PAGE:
I shall never get you put together entirely,
Pieced, glued, and properly jointed.
Mule-bray, pig-grunt and bawdy cackles
Proceed from your great lips.
The ground stiffens under her feet
As the reek of cabbage bakes in the sun
Netted in the dog’s eyelashes, an insect,
A rodent’s leg in the dusty lane
Dried to bone, a tuft of fur.
A caterpillar, cradled in a cocoon,
Dangles like wind chimes
And sways, asleep
The dog takes the rabbit’s foot between its jaws, braces it like a stick
Clamping onto it – an offer she can’t refuse
A fox and hare
Have said good night. Little birds of prey perch
In half light. A child stumbles
In the trail of a moth, blind
To the scrap of hair and bone. Dark blue,
The evening spreads out over them. Paraplui
Says her mother: dark blue between the rain
And you. Parablue says the child as she plants
Umbrellas in idyll
Grand View Paliano
Crowns of trees pierce a veil that divides
The view over terraced ground, its edges smoothed
By mist in pastel and gray. Day climbs
Neatly over the hills as little owls
March home, left, left,
Synchronized step, left, right,
Left: the silence of cicadas. Nothing
Stirs in the ghost’s room. Someone sweeps
Sand from the yard, the yard consists only
Of sand, the bread only of yeast-bubbles.
Grass breathes out moisture, it’s
Already hot out. The first horses will be driven
Through the streets in celebration. Here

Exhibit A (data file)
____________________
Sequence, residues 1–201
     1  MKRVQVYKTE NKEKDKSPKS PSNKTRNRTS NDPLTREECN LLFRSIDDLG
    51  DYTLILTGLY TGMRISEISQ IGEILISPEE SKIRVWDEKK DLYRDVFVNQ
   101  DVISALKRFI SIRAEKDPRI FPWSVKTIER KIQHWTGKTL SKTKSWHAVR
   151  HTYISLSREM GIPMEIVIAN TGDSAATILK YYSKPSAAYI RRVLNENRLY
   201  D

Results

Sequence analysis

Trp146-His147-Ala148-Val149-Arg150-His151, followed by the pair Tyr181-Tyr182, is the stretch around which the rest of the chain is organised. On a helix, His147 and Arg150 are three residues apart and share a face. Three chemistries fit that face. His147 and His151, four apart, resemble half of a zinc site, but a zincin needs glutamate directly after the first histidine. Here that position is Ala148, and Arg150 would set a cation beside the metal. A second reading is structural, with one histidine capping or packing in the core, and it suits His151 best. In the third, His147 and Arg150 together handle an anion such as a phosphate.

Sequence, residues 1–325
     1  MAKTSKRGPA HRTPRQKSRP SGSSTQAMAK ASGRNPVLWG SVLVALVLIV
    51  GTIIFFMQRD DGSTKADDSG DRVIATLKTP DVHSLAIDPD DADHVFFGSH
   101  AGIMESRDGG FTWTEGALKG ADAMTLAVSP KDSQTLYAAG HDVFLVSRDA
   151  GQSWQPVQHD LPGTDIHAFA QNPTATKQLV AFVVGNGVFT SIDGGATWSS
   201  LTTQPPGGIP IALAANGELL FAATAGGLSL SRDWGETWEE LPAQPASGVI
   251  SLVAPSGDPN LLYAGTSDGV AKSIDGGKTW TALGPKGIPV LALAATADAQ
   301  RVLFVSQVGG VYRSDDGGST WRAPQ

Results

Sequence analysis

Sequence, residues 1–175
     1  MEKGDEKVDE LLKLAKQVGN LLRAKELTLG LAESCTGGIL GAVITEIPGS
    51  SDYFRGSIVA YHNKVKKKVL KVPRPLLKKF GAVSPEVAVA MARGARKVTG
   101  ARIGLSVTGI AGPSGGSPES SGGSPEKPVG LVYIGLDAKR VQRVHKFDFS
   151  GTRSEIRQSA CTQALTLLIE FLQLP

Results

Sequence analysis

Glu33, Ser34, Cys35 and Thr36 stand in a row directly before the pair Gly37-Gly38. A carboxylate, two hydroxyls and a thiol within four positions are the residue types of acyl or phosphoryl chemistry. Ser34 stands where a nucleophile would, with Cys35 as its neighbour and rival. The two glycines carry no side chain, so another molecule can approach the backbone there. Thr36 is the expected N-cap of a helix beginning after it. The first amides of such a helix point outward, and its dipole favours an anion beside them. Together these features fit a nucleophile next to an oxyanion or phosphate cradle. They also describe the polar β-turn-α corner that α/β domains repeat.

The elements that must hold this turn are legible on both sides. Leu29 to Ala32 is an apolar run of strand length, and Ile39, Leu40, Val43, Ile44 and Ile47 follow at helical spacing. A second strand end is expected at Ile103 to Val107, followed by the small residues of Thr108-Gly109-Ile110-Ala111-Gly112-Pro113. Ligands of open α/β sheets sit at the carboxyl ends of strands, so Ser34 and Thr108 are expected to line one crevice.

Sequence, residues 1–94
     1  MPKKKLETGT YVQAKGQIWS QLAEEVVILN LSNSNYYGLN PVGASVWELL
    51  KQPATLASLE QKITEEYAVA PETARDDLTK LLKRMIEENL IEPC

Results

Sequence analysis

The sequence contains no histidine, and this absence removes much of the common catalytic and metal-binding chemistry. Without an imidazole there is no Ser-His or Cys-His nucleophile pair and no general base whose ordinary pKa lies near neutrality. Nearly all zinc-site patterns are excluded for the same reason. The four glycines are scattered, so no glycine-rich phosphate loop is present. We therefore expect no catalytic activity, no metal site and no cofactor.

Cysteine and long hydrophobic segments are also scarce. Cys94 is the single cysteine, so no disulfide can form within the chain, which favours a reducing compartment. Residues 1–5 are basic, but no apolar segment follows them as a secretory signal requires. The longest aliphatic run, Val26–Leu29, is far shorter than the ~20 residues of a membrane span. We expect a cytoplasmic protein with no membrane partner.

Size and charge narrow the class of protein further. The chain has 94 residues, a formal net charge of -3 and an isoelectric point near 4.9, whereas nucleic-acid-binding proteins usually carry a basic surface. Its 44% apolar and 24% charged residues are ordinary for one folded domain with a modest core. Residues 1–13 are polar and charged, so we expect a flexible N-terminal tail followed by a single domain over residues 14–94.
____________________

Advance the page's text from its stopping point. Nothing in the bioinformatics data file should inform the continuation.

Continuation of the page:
The esplanade reaches the horizon, and in the other
Direction, the munitions factory gorges itself
On the steel of armaments. At the train station,
The unemployed stand in front of their coffee-
Counters, forty-five percent is the quota here.
The younger ones still showoff unruffled feathers.
They, too, would prefer to produce grenades.
A fountain sinks into yellowed grass. No fence
Lines the property. Imagination tells me
there was once a stable. But the building’s far
Too small. And time can’t touch stone.
The house evenly divides the distance
Between two villages. A toad. No sign of ivy,
No sign of dust on the outer walls
But in the windows, the sway
Of curtains. Where the soul moves.
I want. I want this house. With its mesh of spider webs.
My mother grew up in this house, you say,
And I lift my eyes to the horizon. Your mother
And I. We couldn’t stand each other.
Your face is an accident:
A cheek-bone fracture,
A tooth knocked clean out,
And you yourself were released pending a cure
They’ve lied about. It’ll leave a scar,
The doctor said, hushing up
The wound’s repeated reopening.
Everyone wants to take a closer look
Until they hear what really happened:
That it was simply not an accident.
MY CREATIVE PROCESS
Can you tell us a little about the origins of these poems and why you wrote them?
My inspiration for these poems came from Sylvia Plath's The Colossus and Other Poems. I've read a biography on her and Ted Hughes and discovered that somehow I responded to her verses with an urge to write. So I bought The Colossus, read one poem a time, thought about it and then I wrote my own. It took me about 6 months to complete my project - one poem for each of Plath's. 44 to be exact (or 50, if you count "Poem for a Birthday" as seven separate ones.)